I hate ripping pages out of magazines, I had the messy edges. So with these I got cunning and cut the spine off them first. I used an old rotary cutter, and made several passes until Ihad cut through the whole magazine. This is the perfect opportunity to slip and cut yourself badly, so it pays to go slow. I started the cut slightly in from the edge, and when I had all the rest of the spine separated I ran the cutter backwards to sever that first bit. It doesn't work to cut fabric backwards, but this worked fine.
Then it was simply a matter of flipping the pages over and deciding what to keep; anything worthwhile went onto the first pile, the rubbish went onto the pile further away. I am building up a stack of pages, and one night I will put them all into plastic sleeves and store them in a ring-binder. It has really slimmed down the stack, there are a lot of ads and product reviews for defunct machinery in these issues, so most of the magazines I saved only 20% of the pages. It has worked so well that I will tackle my quilting mags next. I bet you thought I'd dealt with them already! I'm all talk.
I used to work in a furniture factory, and I am capable of making simple things. These are two that have survived. The tray is just as good as when I made it in 1991, but the stool needs refinishing. Some nameless children covered the top in stickers, which have worn off and left disgusting residues; it must be 15 years old at least. It lives in my pantry, and I use it every day to reach things on the top shelf. Mereth will remember another set of stools we made 27 years ago; no-one ever went to use them without being warned 'Careful! They can tip over....AAAAGGHHH, I Told you to be Careful!' So finally they were thrown away; they looked lovely, Baltic pine and all, but were so unstable.

I'm quite proud of my first attempt at dovetail joints....
And yes, that's my other applique project, discovered when DS and I were moving a high bookcase and a box toppled off. Inside were the beginnings of a Christmas applique quilt; I wonder why I squirrel these things away in strange places. Guilt? Maaayybe.....


Thursday, August 23, 2007

It's taking me a while to get back into things after my weekend away. I seem to have lost momentum, and I've been doing lots of little unrelated jobs instead of tackling any of the huge ones. Still, I've kept moving, which is half the struggle; things are being accomplished.

I found another basket of strips and offcuts from a pink and brown Roman Stripe I did a few years ago. I should have cut them up as soon as I finished the top, but of course they were just hidden in a drawer to deal with later. This piece is around 8" x 17" and will fit into my Orphan block quilt somehow. Another basket empty.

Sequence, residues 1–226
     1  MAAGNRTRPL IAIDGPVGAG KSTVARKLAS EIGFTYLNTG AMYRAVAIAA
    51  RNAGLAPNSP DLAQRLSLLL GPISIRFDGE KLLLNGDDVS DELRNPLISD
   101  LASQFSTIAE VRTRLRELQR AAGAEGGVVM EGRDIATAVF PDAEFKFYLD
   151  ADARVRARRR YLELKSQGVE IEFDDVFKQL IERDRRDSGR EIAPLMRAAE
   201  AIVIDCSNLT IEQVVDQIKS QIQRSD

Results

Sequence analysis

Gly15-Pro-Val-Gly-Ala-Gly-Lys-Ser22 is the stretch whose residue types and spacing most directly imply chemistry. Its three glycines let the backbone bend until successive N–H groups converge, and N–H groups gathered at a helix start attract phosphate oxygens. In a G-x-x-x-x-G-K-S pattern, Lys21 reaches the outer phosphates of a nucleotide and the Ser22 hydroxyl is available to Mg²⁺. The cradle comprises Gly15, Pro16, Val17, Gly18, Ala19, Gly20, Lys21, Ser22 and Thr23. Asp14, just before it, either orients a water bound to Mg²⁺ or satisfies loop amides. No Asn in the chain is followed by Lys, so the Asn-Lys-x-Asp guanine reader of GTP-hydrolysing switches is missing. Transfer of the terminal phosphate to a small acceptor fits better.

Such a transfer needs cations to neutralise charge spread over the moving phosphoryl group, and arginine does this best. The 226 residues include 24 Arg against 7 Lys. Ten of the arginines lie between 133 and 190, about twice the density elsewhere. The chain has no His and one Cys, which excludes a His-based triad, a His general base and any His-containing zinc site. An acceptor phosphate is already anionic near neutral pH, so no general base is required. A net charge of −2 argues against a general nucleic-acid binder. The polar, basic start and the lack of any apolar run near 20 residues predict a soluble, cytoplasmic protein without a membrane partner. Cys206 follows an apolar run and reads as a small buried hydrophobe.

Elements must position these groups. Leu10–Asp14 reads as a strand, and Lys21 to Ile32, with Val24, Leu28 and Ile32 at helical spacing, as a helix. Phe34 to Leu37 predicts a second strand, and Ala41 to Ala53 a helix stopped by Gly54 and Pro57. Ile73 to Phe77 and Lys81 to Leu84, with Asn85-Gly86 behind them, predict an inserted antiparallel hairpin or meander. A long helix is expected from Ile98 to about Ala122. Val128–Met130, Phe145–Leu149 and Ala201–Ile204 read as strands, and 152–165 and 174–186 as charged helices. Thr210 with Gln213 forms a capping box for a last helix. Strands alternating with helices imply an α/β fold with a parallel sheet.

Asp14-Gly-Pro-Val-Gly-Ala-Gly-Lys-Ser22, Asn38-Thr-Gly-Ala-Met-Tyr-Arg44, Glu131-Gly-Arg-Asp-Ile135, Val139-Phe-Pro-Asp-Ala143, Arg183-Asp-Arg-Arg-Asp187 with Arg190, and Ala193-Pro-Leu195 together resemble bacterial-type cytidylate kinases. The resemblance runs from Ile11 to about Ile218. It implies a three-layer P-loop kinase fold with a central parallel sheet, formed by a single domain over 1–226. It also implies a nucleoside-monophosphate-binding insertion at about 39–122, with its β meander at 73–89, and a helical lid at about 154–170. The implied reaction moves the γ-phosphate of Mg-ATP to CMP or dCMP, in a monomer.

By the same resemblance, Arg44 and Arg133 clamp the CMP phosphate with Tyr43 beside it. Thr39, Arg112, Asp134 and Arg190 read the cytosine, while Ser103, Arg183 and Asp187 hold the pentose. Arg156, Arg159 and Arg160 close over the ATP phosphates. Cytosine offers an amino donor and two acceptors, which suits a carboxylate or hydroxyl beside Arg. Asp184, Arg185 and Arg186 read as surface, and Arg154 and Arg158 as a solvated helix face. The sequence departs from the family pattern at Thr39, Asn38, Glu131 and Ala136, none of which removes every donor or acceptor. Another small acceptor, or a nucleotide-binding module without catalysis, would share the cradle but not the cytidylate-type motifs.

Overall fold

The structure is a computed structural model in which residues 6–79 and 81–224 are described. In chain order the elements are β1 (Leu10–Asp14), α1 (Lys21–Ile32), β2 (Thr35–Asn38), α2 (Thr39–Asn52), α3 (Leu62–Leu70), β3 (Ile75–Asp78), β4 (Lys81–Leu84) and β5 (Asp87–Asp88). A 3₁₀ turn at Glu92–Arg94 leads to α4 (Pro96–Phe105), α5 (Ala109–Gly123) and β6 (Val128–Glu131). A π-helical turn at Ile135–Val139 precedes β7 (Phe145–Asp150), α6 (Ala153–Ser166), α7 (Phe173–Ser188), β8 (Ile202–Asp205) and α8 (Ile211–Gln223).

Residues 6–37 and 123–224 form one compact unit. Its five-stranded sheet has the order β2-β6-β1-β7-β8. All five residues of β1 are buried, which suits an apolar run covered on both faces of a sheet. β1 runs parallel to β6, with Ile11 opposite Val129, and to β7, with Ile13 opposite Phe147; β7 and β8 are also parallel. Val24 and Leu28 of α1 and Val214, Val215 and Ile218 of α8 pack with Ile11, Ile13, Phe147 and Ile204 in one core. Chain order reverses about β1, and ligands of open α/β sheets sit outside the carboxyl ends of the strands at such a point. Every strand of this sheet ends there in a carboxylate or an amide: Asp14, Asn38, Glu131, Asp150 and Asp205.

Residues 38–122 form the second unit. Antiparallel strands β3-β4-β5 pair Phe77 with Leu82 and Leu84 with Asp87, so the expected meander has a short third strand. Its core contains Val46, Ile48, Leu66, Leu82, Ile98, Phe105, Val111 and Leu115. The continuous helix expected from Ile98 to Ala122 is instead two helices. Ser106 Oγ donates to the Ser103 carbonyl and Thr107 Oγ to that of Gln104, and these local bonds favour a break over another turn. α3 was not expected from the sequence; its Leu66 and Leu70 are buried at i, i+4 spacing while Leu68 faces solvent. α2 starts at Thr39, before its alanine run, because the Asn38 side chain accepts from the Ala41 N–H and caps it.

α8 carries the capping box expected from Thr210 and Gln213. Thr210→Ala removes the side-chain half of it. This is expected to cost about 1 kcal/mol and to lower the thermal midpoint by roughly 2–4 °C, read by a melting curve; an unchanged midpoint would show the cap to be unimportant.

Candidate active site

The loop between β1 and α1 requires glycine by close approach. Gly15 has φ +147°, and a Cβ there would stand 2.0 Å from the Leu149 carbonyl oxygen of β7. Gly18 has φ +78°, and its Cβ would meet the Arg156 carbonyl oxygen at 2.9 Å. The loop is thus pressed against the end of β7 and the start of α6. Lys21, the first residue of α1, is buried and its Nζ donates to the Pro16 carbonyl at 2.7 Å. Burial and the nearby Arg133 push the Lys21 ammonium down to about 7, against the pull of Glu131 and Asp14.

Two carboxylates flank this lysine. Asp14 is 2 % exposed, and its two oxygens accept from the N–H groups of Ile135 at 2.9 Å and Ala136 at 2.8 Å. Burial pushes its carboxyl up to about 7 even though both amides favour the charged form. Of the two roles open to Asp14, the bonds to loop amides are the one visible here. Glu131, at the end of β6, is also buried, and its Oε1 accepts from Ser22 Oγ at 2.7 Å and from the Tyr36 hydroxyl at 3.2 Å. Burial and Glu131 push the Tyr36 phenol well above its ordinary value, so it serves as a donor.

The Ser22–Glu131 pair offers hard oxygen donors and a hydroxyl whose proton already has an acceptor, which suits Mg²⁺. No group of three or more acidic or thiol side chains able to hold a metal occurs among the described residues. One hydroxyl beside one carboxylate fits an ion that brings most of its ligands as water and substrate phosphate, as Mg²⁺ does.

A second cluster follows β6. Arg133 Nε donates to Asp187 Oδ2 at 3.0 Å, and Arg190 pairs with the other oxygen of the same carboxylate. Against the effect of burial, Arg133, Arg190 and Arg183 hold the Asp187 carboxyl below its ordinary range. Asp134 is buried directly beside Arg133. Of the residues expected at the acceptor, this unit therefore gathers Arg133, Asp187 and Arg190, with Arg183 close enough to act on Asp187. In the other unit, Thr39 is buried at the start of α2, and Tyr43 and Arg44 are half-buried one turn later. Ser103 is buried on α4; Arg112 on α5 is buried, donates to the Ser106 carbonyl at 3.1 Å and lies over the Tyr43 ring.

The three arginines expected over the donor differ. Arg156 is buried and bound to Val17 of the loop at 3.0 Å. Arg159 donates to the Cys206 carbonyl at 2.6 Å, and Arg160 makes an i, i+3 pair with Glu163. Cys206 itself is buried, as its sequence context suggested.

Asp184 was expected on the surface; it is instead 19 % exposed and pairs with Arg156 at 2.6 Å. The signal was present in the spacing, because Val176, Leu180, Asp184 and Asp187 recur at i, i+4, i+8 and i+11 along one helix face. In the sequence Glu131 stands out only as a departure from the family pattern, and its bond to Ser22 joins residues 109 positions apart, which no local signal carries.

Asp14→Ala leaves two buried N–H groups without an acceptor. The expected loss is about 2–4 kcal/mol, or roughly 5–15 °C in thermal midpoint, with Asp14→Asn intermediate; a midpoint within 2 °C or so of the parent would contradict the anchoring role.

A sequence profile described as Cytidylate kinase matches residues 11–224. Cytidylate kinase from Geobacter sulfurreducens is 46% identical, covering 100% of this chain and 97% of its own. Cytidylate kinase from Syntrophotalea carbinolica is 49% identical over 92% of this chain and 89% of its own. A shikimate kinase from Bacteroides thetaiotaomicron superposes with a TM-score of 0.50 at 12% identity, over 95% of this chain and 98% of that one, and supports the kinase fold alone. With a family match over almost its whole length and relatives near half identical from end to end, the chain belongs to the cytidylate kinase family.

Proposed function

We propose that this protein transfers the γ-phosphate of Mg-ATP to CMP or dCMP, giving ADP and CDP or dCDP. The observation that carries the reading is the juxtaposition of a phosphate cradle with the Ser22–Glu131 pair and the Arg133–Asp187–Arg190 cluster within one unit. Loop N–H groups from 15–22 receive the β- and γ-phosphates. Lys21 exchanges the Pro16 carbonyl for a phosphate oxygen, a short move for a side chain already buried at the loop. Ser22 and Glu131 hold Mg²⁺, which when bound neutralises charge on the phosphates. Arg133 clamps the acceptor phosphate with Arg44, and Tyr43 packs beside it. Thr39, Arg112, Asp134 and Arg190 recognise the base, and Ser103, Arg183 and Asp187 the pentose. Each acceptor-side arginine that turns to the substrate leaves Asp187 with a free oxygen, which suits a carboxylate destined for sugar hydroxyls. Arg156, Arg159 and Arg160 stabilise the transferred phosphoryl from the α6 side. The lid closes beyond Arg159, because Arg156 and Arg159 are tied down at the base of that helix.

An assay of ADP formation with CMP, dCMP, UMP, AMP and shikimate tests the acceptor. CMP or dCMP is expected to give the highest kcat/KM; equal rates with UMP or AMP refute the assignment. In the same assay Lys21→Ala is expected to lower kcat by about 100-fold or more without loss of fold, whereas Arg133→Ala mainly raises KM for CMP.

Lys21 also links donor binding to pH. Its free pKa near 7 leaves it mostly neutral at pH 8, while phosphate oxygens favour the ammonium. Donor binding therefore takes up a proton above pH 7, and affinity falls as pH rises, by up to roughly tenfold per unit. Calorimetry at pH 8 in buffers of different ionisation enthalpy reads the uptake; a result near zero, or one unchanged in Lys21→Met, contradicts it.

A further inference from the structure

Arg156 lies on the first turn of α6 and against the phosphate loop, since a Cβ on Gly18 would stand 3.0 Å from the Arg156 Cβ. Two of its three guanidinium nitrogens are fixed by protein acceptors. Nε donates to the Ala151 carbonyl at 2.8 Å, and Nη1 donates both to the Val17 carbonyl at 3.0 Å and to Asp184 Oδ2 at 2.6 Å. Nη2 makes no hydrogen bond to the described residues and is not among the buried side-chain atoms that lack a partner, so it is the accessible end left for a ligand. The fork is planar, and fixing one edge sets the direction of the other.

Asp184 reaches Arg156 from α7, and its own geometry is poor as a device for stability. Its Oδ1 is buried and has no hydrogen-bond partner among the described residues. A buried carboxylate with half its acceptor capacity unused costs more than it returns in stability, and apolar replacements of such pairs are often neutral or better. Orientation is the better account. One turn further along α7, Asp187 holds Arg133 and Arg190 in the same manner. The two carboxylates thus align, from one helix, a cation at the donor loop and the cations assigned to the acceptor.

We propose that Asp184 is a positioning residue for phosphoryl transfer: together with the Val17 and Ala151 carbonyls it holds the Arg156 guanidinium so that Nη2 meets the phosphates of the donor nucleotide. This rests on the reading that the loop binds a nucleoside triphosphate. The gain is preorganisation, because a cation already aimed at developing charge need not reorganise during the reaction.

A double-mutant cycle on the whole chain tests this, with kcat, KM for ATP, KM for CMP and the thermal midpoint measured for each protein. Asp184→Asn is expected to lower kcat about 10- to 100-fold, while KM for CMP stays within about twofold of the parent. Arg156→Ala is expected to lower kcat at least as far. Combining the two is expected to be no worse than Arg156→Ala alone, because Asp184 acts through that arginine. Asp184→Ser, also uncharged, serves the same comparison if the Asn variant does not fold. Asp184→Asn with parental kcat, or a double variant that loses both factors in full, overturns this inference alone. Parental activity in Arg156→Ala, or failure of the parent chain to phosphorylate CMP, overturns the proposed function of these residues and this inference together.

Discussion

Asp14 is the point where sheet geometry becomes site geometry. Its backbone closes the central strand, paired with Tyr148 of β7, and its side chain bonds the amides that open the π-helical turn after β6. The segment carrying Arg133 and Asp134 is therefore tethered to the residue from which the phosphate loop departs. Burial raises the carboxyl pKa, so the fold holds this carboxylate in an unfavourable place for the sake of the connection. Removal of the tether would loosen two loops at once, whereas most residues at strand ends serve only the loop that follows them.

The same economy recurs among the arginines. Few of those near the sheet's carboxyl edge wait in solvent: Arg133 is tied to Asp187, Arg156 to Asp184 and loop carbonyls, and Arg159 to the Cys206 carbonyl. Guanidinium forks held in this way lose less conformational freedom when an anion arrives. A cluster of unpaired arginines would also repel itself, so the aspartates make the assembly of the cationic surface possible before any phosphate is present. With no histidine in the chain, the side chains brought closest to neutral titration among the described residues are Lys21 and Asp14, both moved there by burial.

Then there is another sock finish. This is just lovely to wear, but now I have to knit the other one. I gritted my teeth and cast on last night, and managed to finish the toe before bedtime, so it's all ready for several nights of mindless knitting. I seem to have adjusted to the splitty wool, it's not as difficult as it was, so I should enjoy finishing this one and wearing it in the small amount of cold weather left to us. We've had a cold snap this week, and soft rain, just my sort of weather.

This is the copy of the antique quilt that Mereth referred to in her August 5th post. Jenni at Fairybread Quilts should love the pink setting squares; she's just topped up her stash with new pink fabrics. In the original quilt the setting material was closer to a red, from what I could see of the unfaded seam allowances, but I had nothing approaching that colour so I went with pink. It needs some more quilting, so I have been trying to get that completed before I pack up my sewing room for a major reshuffle. Sometimes I just love moving furniture around, but my back's aching at the thought of moving my sewing desk. Still, it will be a great new set-up when I'm finished.

And the last photo? I was debating whether or not to toss out a pile of 1" strips; after all, what could be made from them! This is an Hourglass block that has a finished size of 1"; those are 1/2" HSTs there. Is that TOOO small or what? Hmmm, still haven't tossed those strips.....


Thursday, August 16, 2007

I was good today, I made the bindings for two small quilts and got them finished at last. I'm working my way through the pile slowly but steadily. Four quilts bound in a week is pretty good going.